Software

Gmail outage explained: Why you should still trust Google

Google has explained why its email service dropped offline around the globe, and we explain why it's still safe to trust the search behemoth and store essential data in its cloud

Following the outage outrage Google witnessed from its customers when its Gmail service plummeted offline for two hours yesterday, El Goog has offered up an official explanation: its European data centre overloaded following routine maintenance.

Acacio Cruz, Gmail site reliability manager, said in an official blog posting, "Unexpected side effects of some new code that tries to keep data geographically close to its owner caused another data centre in Europe to become overloaded, and that caused cascading problems from one data centre to another."

In other words, it was the international data centre equivalent of the domino effect -- big fat dominoes that make people question whether Google, which in recent weeks accidentally blacklisted the entire Internet and marked personal emails as spam, is the hot shiznit it used to be?

The cloud: Should your data be in it?

In a word: yes. In several words: yes, of course it should. In Klingon: hija.

'The Cloud' is just a term to mean 'stored remotely', and almost everyone's email is stored remotely -- your Outlook email may be stored locally on your hard drive as well, but it's stored centrally in your office's cloud, and your ISP stores your email in its cloud until you pull it to your hard drive.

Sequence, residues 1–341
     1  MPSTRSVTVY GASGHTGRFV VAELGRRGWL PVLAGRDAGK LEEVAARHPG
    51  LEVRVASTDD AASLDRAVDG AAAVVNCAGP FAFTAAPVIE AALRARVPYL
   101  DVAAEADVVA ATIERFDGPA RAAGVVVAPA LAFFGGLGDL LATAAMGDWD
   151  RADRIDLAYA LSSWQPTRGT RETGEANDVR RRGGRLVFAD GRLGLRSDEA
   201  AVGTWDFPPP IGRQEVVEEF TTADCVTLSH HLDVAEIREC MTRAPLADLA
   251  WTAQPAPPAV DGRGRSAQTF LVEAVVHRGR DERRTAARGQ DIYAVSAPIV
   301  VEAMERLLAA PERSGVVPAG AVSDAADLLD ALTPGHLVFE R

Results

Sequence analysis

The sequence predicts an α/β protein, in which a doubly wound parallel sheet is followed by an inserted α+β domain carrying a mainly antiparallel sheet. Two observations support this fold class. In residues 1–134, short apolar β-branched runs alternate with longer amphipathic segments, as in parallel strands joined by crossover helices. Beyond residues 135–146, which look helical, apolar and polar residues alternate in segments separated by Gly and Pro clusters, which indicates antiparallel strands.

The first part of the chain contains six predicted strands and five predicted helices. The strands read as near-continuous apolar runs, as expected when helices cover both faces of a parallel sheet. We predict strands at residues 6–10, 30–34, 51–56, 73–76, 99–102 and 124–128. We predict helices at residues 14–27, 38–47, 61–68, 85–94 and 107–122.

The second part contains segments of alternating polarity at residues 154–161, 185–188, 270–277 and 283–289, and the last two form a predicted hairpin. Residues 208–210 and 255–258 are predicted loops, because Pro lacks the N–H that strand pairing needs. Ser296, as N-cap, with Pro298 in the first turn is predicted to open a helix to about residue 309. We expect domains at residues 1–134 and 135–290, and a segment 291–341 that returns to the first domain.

Obviously there are differences with Web mail, because it's solely stored in the cloud, so if your single entry point to this data is severed or blocked, you're up Dawson's creek without a paddle. But this is your own fault -- if it's that important, have a backup option.

Any service can go offline -- your company's Exchange server, your ISP's email, even your ISP itself. It's just part of using the Internet. And you could make the entirely opposite argument if your hard drive crashed: "Should I trust offline email, or would I be better off storing it in the cloud for access via any computer or networked device?"

Giving yourself only one way to send and receive email is just asking for trouble. If you like Web-based email, use one that grants you IMAP access as well -- like Google does, and this worked fine during yesterday's outage, incidentally -- and keep your email backed up on your computer using a desktop email application such as Outlook or Entourage.

If you only use offline applications like Outlook, give yourself a Web-based backup option -- Outlook Web Access or a Web-based service such as Gmail or Hotmail.